The DRY Principle: What is it and how to apply it

dry principle


There is a common saying in the software development field:

“Repetition is the root of all software evil.”

The more you repeat yourself in code, the more likely you are to make mistakes or cause yourself issues down the line when you come to update things. The aim is to keep things DRY!

What is the DRY principle?

It’s a common interview question and the reason your PR might be getting rejected. The DRY principle stands for “Don’t Repeat Yourself” and was first introduced to the masses by Andy Hunt and Dave Thomas in the book The Pragmatic Programmer, their definition of the DRY principle is as follows:

“Every piece of knowledge must have a single, unambiguous, authoritative representation within a system. The alternative is to have the same thing expressed in two or more places. If you change one, you have to remember to change the others”

So, pretty straight-forward, right? The aim is to avoid duplication to save yourself time when you first write the code as well as yourself, or other people’s time in the future when changes need to be made. Something particularly clever the authors of the book made clear was that DRY isn’t specifically against repeated code, rather repeated knowledge. 

So, what exactly is a piece of knowledge in this context?

My interpretation of the word knowledge is that it is meant to refer to one of the following:

  • A generic piece of repeated code that provides behaviour that can be applied to many scenarios, such as a custom string formatter method.
  • “Magic strings” and “Magic numbers”
  • Code comments

Let’s look at an example of what I mean for each of these three things.

Duplicated logic/knowledge

Say we have a couple of methods as seen below, we have two functions that return a specific set of properties from an object and return them as a formatted string. The system front-end likes this specific form of sting output, so you need to make sure your methods all provide a consistent output.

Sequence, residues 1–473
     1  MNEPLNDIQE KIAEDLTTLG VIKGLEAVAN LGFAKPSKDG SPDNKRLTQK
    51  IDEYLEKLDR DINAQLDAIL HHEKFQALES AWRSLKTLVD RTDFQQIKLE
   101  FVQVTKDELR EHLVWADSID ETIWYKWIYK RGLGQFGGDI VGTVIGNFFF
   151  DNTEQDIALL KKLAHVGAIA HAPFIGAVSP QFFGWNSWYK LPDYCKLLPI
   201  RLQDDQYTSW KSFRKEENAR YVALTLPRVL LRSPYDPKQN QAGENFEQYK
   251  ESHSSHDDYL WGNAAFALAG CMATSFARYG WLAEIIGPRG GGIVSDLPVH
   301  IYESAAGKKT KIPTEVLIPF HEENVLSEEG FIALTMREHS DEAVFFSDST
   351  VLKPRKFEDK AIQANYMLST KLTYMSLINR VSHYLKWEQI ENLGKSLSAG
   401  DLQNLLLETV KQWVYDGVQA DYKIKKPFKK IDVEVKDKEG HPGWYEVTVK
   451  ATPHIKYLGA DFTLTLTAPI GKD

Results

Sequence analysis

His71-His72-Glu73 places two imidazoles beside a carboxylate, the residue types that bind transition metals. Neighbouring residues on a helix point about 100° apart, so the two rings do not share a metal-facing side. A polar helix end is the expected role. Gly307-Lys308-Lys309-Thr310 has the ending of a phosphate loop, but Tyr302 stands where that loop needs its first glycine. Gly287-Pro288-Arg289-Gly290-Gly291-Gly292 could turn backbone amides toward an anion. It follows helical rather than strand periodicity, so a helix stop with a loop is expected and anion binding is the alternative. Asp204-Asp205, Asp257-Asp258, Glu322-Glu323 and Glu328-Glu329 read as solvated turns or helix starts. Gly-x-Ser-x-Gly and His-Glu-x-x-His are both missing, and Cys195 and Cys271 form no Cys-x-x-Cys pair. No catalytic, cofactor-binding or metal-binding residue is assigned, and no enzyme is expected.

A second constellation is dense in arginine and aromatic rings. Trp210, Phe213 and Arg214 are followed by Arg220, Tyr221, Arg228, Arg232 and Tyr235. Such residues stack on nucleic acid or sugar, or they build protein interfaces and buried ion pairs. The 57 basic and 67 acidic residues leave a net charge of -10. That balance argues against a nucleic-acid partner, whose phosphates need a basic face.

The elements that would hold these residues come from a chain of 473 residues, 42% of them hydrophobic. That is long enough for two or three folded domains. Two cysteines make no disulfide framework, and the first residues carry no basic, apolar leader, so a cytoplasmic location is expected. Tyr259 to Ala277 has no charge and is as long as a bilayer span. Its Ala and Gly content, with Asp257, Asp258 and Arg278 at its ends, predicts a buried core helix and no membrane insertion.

But what happens if your front-end changes and there is a need to alter the way we format the output to accommodate this change? We’d have to go and update each method (there may be more than just two!). Wouldn’t it be better if we had a single source of truth for the way we output our strings?

Here you can see that I’ve moved the string formatting logic out of the two original methods into a helper method. Now if we need to make a change, we can do it at this one location with no need to update all the other methods. No more duplicated code or knowledge.

Magic strings and numbers

This one is pretty simple, but you can often find yourself writing code containing string or numeric literals where capturing that value in a variable with a meaningful name would be preferable, take this code for example:

Here we have a function that takes the wholesale price of a product and adds some form of sales tax. It’s perfectly functional code and makes sense to the person whole wrote it, but what if we were using that 20 value to mean the same thing elsewhere in the code. Well first off, we would be violating the DRY principle of never repeating ourselves and secondly, we would be making a headache for ourselves or others in the future if needed to update this value if the sales tax changed.

Moving the value into a descriptive variable not only means you only need to update the value in one place, but it also adds meaning to the context it’s being used in.

Code Comments

I struggle with this one quite a lot, I tend to be a bit of a serial code commenter! Check out this code I wrote for a side project of mine:

Are all those comments required to understand the code? No! not at all, as I’ve done a pretty good job of naming the variables contained in the method, the code is self-describing. The extra comments were just a waste of my time and just extra words for a reviewer of the code to read. And like any project where code is updated and comments are not, the link between the two will potentially drift and just become confusing.


These are just a few examples of where you can apply the DRY principle to not only simplify your code but to cut down on potential errors and unnecessary code edits in the future. 

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